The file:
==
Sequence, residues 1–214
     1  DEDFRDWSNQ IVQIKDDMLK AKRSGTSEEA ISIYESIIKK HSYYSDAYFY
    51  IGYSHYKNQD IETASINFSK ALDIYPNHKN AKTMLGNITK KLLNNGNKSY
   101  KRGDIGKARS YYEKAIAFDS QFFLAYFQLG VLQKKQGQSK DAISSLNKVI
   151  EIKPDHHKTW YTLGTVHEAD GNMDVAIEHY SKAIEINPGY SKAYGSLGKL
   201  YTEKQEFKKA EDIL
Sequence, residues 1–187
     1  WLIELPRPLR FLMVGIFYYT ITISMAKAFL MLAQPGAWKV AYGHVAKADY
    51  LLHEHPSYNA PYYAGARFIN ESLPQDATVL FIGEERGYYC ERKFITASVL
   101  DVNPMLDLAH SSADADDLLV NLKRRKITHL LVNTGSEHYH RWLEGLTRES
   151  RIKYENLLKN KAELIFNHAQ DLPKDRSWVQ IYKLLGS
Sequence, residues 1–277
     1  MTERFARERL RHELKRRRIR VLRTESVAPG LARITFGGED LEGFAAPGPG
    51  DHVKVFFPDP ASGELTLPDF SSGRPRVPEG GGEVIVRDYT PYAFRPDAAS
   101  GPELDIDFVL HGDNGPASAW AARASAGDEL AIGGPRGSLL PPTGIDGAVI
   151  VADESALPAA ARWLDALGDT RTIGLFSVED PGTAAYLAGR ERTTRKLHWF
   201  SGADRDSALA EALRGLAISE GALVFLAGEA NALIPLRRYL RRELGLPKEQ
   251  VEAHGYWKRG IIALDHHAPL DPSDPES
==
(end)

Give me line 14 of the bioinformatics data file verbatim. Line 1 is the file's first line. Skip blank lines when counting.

    51  DHVKVFFPDP ASGELTLPDF SSGRPRVPEG GGEVIVRDYT PYAFRPDAAS